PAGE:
It is 9 o’clock in the evening in Mogadishu. I am sitting in a teashop on Liberia Street in the Waberi district where I live. This street is popular among locals with tea shops, kiosks, fruit vendors and hawkers. Dozens of children from the neighbourhood are playing football in the street, cheering and urging each other on as they avoid the speeding cars.
This is not what you expect to see in Mogadishu, the place dubbed “the most dangerous city in the world” by western media and many journalists who have never actually set foot in Somalia.
While the kids play in the street, young adults walk in groups to the city centre to play soccer. They go to a place locally know as Sallax, a centre that hires out fields for various sports, including football and basketball . There are not enough football fields in the city and with everyone at work during the day, Sallax is very popular at night. Games usually last two hours. From my flat, I can often hear the youngsters chatting away past midnight on their way back home.
In the mornings in Waberi, the sound of the cock crowing coincides with the azaan (call to prayer) from the mosque, and soon thereafter the hooting of the city shuttle fills the air.
Children in colourful uniforms hurry to catch the minibuses to their respective schools; adults head off to work in public buses or their own cars.
I sometimes take the bus to my work place and always appreciate the lively conversations among the passengers as they debate the latest news or socio-economic issue. During weekends, the beach is teeming with locals young and old. ‘Local tourists’ from different parts of Somalia and diasporans also frequent the beach. They enjoy the comfort of the hotels facing the shore and make the most of swimming contests, soccer on the sand, high jumps and acrobats.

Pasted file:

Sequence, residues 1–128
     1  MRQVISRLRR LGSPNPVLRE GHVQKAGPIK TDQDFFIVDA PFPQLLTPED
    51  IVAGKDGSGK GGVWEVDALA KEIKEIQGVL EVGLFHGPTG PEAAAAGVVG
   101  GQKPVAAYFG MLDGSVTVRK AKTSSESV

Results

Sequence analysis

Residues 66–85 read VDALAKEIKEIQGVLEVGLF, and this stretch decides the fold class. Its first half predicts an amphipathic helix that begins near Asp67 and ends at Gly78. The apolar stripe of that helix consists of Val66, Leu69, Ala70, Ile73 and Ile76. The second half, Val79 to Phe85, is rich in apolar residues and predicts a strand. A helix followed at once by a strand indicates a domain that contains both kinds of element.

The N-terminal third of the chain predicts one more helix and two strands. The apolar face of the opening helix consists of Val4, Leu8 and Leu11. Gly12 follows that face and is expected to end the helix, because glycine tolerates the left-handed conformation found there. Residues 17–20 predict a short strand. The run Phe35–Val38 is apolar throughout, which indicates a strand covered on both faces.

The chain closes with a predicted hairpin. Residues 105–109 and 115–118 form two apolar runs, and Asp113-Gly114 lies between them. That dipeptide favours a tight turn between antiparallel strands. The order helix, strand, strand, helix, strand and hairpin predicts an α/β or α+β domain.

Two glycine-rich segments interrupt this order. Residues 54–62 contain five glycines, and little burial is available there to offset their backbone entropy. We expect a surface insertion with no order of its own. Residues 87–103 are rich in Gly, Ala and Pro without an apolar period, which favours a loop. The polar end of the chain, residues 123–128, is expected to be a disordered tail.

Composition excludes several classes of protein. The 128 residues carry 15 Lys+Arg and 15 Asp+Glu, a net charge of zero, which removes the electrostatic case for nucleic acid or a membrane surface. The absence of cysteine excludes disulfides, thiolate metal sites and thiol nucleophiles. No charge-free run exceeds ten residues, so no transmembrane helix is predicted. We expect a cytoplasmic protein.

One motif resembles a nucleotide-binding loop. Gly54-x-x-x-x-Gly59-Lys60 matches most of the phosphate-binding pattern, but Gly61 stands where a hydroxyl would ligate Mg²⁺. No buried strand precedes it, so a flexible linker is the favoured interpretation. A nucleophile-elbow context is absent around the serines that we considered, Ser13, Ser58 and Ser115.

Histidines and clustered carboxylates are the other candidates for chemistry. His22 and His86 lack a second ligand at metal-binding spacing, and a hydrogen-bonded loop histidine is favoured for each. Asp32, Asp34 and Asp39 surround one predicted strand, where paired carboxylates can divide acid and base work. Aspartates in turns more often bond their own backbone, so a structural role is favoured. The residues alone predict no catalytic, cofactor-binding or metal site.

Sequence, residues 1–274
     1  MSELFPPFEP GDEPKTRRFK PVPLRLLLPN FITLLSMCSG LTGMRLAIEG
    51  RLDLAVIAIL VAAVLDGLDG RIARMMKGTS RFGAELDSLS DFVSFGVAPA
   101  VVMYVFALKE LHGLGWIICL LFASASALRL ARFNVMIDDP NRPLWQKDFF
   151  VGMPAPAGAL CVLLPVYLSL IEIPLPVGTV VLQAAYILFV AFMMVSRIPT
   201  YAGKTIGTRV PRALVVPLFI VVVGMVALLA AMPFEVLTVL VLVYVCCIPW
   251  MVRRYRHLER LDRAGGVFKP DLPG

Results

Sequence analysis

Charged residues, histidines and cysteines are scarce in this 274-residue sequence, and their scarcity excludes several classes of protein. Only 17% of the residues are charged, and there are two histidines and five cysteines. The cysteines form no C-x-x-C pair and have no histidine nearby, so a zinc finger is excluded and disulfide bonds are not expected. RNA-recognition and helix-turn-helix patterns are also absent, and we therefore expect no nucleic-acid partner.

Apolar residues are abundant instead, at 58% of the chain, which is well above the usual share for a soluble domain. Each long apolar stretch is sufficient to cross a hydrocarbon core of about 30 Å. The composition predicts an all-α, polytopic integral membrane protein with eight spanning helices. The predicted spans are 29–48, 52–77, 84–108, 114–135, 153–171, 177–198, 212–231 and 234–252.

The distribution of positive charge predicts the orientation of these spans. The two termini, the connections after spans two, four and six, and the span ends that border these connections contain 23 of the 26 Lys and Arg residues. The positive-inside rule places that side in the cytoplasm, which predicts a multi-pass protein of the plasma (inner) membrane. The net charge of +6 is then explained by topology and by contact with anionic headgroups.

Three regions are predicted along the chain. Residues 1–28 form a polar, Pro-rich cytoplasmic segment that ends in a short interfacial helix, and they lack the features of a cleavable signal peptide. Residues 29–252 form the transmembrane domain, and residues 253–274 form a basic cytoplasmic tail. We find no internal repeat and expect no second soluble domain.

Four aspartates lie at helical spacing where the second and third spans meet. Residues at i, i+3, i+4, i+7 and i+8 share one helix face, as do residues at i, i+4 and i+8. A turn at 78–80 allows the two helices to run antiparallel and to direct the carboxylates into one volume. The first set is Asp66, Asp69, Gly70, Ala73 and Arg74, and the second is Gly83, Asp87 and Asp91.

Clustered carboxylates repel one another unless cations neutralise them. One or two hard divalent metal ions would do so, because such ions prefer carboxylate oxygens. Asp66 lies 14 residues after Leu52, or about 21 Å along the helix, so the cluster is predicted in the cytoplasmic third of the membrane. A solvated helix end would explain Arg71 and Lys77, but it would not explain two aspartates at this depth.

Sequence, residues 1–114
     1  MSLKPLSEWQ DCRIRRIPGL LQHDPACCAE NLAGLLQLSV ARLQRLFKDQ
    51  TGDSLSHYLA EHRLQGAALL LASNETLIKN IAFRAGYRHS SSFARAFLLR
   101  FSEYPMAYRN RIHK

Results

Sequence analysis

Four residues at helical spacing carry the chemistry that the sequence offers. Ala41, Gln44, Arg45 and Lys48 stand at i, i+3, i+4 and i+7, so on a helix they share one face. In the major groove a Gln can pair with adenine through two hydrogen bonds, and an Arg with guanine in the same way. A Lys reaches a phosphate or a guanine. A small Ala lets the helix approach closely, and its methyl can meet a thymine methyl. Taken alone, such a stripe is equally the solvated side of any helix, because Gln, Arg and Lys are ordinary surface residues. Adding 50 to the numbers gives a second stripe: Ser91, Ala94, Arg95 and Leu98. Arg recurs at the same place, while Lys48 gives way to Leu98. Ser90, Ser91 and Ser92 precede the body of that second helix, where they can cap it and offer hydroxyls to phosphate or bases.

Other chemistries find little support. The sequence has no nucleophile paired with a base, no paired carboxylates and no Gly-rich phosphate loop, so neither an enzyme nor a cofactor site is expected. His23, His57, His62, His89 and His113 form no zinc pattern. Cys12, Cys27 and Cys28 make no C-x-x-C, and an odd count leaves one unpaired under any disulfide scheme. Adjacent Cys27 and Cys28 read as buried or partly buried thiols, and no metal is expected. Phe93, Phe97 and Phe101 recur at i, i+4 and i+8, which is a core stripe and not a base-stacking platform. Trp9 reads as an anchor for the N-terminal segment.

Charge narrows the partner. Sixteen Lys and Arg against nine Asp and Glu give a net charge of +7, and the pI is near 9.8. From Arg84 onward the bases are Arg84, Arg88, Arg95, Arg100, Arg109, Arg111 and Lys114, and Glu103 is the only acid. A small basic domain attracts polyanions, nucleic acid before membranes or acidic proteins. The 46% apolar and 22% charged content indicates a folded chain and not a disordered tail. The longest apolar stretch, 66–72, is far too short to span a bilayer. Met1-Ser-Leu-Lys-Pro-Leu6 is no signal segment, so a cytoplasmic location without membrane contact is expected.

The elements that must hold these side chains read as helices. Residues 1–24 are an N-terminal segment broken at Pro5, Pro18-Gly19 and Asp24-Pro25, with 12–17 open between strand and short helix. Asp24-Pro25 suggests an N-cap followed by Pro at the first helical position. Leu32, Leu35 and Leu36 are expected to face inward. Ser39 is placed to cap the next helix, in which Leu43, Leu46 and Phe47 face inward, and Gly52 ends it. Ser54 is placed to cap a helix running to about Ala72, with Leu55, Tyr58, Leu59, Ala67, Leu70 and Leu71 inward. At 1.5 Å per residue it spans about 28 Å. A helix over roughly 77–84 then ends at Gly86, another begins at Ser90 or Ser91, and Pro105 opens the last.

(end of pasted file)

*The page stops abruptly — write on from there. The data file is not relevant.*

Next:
Daljirka Dahson is another popular tourist site which Mogadishu residents visit on their days off. The monument is dedicated to soldiers who fought and sacrificed their lives for the country. Traditional dancers entertain the crowds and countless photos of the national flags surrounding the site are captured.
With every day that passes, I realise how much of Mogadishu’s greatness I have yet to explore. I would never have known this side to the city if I hadn’t decided to move back and see the reality for myself. It was not my choice to leave Somalia but it was my duty and responsibility to come back after having lived in Kenya for most of my life.
The Somali people are associated with hunger, famine, lawlessness, piracy and conflict. These are the stories that dominate the headlines from the horn of Africa – and which overshadow the tale of resilience, recovery and reconstruction. Despite the increasing number of websites, radios and satellite television channels, success stories from Somalia are rare. It is only the overwhelmingly negative ones that get circulated.
Rasna Warah, a Kenyan writer and photojournalist, challenges Somalis to tell their own stories. In an interview with Africa Review in mid-2012 about her book Mogadishu Then and Now, she said, referring to the Somalis:
“You should be able to tell your own story; if you don’t, people will tell it for you and they will distort the facts to suit their interests. For Somalis, Mogadishu is or was the most beautiful city in the world; they will say the food is fabulous, they will talk about the theatre, and the stadium where they used to play football – and those are the narratives we are not hearing. If you don’t change that narrative, people will continue talking on your behalf.”
It is high time we take up the task of telling our own story.
Moulid Hujale is a journalist now working as a consultant for the United Nations Assistance Mission in Somalia (UNSOM). Follow him on Twitter: @moulidhujale